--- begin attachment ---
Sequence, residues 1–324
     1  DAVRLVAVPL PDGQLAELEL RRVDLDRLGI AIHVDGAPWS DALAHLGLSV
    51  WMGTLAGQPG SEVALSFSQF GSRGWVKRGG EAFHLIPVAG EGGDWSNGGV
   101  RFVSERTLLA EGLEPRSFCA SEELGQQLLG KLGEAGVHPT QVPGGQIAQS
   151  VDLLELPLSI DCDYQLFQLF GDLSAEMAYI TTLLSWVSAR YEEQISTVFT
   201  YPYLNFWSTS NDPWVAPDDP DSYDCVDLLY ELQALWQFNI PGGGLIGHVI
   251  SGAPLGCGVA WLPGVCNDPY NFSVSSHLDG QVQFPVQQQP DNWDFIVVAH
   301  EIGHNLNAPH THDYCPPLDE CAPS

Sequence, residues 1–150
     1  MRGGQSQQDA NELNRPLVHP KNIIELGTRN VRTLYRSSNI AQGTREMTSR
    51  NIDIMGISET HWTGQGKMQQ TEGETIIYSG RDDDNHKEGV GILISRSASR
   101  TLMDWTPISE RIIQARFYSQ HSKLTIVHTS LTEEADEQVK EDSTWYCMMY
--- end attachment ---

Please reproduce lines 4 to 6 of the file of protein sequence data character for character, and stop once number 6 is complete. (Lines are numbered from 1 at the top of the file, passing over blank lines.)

   101  RFVSERTLLA EGLEPRSFCA SEELGQQLLG KLGEAGVHPT QVPGGQIAQS
   151  VDLLELPLSI DCDYQLFQLF GDLSAEMAYI TTLLSWVSAR YEEQISTVFT
   201  YPYLNFWSTS NDPWVAPDDP DSYDCVDLLY ELQALWQFNI PGGGLIGHVI